The Rime of the Modern Mariner [NOOK Book]

Overview

An extraordinary, timely update on the classic Coleridge poem

Is it possible to update a masterpiece? Only, perhaps, with a brand-new masterpiece. Written in 1797, “The Rime of the Ancient Mariner” was the original eco-fable; drawn in 2010, The Rime of the Modern Mariner is a graphic novel, now set in the cesspool of the North Atlantic Garbage Patch—thus adding a timely and ...
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The Rime of the Modern Mariner

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Overview

An extraordinary, timely update on the classic Coleridge poem

Is it possible to update a masterpiece? Only, perhaps, with a brand-new masterpiece. Written in 1797, “The Rime of the Ancient Mariner” was the original eco-fable; drawn in 2010, The Rime of the Modern Mariner is a graphic novel, now set in the cesspool of the North Atlantic Garbage Patch—thus adding a timely and resonant message about the destruction of our seas.

Hayes’s visually striking debut is drawn with complex, iconic images reminiscent of old woodcuts. Emerging from every exquisite page are the poem’s enduring themes: compassion for nature, a sense of connection among all living things, and rightful outrage at man’s thoughtless destruction of the environment. Powerful and evocative, lush and stark, The Rime of the Modern Mariner will appeal to fans of Habibi and Persepolis.


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Editorial Reviews

Publishers Weekly
The updating of a literary classic is always fraught with peril—which could be why so many authors prefer to create their own offshoots (Sena Naslund’s Ahab’s Wife). But Hayes’s startlingly fresh and innovative take on Coleridge’s “Rime of the Ancient Mariner” could be studied as an example of how to modernize a classic without pretending to supplant the original. Hayes turns Coleridge’s 1797 apocalyptic epic into an ecological warning, wherein a careless litterbug of a businessman is accosted by a sailor with burning eyes and a tale of woe. Part of the story mirrors Coleridge’s (a carelessly murdered bird brings damnation upon the crusty mariner’s vessal), but the atmospherics are more charged with the dangers of modernity. This mariner’s boat is trapped in a floating archipelago of fouled plastic garbage (much like the real one, the size of a country, which swirls today in the Pacific), which mutely rebukes the viewpoint of the businessman and his “world detached of consequence.” Hayes is a political cartoonist, and his writing isn’t nearly as memorable as his illustrations, which convey the beauty of the world and the pity of its destruction with a gorgeous brand of vehemence. His panels, awash in light blues, swoop and flow like aquatic woodcuts of an earlier era. (Oct.)
Kirkus Reviews
A visually arresting and verbally cadenced transformation of the Coleridge classic into a timely (and timeless) eco-apocalyptic fable. Where most graphic narratives tend to be heavier with text, this book debut by an award-winning British cartoonist relies far more on the power of its dreamlike visuals, where subtleties of color and motion suggest psychedelic woodcuts. The words on each page are never more than couplets, sometimes phrases, while there are stretches of pages of indelible images with no words at all. The poetry evokes the spirit of the original, written in a tone of millennial prophecy in 1797, now imbued with greater urgency in a sea of sludge and oil spill, in phrasing that somehow intersperses 18th-century diction with references to email, Blackberry and Tupperware without jarring the reader. It begins with a man who is a bit of a detached dandy and who has just executed his divorce, tossing aside his marriage (his wife is barely mentioned) like he does a plastic foam cup. He encounters a mariner who proceeds to tell him a tale, one that involves a seafaring adventure, the fateful killing of an albatross, a descent through an ocean of pollution into hell and a rescue that allows the mariner to survive and sound his warning. After hearing the mariner's soliloquy, the divorcé brushes it off, returning "To a world detached of consequence / Where he would not live for long." The reader will likely find the story far more moving, as the nightmarish imagery trumps the occasional tendency toward thematic overkill. More than a classic-comics adaptation, this is an original work of art.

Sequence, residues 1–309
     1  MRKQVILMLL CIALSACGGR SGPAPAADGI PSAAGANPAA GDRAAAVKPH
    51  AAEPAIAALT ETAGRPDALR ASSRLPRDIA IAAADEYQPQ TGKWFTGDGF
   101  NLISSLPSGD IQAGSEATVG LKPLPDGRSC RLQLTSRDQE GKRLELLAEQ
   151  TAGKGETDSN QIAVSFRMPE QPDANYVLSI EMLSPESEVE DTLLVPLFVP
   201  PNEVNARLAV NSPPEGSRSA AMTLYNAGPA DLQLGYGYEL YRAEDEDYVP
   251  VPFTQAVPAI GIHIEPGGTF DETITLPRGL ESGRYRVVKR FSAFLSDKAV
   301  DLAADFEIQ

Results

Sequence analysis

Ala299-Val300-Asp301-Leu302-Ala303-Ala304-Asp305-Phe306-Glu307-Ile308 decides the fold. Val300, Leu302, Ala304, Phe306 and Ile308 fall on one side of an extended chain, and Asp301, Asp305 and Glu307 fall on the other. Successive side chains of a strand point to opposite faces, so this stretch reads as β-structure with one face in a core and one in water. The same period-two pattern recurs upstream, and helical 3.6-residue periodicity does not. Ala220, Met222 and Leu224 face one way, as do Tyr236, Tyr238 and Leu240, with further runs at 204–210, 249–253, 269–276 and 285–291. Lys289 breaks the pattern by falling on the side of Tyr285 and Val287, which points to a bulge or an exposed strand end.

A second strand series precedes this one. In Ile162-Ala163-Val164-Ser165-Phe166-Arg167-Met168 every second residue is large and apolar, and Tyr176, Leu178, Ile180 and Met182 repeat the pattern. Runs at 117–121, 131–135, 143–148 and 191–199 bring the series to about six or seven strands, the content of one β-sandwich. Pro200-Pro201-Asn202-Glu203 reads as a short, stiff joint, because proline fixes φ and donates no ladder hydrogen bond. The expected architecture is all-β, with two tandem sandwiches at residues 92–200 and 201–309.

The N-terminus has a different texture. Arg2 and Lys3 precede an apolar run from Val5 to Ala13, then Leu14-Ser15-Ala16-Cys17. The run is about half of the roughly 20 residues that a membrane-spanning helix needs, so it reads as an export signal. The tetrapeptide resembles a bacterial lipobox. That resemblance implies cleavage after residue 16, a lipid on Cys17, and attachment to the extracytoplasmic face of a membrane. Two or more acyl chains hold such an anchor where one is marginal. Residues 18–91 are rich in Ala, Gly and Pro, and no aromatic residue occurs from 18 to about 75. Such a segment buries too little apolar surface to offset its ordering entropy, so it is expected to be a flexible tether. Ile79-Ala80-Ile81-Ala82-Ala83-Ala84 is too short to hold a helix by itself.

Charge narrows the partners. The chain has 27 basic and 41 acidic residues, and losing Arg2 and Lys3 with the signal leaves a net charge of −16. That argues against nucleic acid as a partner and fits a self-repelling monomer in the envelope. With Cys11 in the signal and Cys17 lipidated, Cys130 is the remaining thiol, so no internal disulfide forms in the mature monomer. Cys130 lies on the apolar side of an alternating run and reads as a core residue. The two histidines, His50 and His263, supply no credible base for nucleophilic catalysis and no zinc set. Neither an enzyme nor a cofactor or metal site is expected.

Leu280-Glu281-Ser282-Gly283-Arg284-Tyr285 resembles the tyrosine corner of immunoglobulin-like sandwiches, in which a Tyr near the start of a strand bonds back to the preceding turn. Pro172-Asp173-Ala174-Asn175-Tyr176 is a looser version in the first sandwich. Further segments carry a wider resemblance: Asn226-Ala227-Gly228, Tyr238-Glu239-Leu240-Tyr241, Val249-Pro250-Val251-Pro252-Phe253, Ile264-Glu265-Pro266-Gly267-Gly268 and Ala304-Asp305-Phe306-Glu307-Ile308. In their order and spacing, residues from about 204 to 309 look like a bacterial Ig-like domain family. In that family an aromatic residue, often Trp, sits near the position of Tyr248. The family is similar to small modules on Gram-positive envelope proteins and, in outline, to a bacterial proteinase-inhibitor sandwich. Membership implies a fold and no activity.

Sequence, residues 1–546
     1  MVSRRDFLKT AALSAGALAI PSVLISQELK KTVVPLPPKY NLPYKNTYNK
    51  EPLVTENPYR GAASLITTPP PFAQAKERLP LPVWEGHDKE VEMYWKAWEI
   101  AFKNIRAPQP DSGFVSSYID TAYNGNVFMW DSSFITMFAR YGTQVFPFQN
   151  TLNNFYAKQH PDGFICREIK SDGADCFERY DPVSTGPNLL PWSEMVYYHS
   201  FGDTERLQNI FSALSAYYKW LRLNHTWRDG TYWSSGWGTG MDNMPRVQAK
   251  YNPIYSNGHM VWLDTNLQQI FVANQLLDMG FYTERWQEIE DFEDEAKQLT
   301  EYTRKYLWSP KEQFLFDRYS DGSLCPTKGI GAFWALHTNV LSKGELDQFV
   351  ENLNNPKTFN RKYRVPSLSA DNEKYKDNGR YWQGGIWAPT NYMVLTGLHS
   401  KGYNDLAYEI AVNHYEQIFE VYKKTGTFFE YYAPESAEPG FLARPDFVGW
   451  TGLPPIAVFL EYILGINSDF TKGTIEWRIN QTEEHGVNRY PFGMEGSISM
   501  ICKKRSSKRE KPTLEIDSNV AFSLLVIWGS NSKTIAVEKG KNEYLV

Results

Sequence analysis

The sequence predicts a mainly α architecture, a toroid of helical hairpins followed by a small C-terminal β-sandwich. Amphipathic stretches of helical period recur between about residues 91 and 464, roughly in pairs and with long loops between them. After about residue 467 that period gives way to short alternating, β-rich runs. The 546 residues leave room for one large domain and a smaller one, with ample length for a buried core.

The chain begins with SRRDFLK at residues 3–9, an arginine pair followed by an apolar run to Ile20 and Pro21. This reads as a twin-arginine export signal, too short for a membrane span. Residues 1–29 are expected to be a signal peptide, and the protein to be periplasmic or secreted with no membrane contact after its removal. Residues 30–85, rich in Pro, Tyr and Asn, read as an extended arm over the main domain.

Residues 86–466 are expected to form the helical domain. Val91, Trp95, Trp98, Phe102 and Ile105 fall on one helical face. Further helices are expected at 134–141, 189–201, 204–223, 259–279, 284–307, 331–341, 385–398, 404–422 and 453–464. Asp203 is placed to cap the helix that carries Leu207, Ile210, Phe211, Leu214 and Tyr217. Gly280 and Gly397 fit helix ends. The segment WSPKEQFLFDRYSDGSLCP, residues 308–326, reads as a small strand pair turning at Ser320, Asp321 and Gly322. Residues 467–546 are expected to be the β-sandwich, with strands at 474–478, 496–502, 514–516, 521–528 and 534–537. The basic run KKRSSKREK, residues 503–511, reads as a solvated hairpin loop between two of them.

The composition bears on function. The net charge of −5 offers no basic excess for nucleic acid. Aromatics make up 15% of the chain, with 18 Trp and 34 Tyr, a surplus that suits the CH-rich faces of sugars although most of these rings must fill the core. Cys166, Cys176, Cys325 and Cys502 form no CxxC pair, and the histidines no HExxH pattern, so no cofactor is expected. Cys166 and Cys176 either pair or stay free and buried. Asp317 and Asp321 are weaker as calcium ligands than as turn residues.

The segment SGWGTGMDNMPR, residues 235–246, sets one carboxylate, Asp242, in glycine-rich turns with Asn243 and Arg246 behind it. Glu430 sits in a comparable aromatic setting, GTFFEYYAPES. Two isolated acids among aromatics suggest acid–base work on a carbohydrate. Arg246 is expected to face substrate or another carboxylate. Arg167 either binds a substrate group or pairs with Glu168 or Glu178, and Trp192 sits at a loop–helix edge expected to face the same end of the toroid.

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Product Details

  • ISBN-13: 9781101617380
  • Publisher: Penguin Group (USA)
  • Publication date: 10/25/2012
  • Sold by: Penguin Group
  • Format: eBook
  • Pages: 336
  • Sales rank: 1,108,835
  • File size: 101 MB
  • Note: This product may take a few minutes to download.

Meet the Author


Nick Hayes is a political cartoonist for The Guardian and was a founding editor of Meat Magazine, which showcased new writing, comics, and illustrations. He has won two Guardian media awards.
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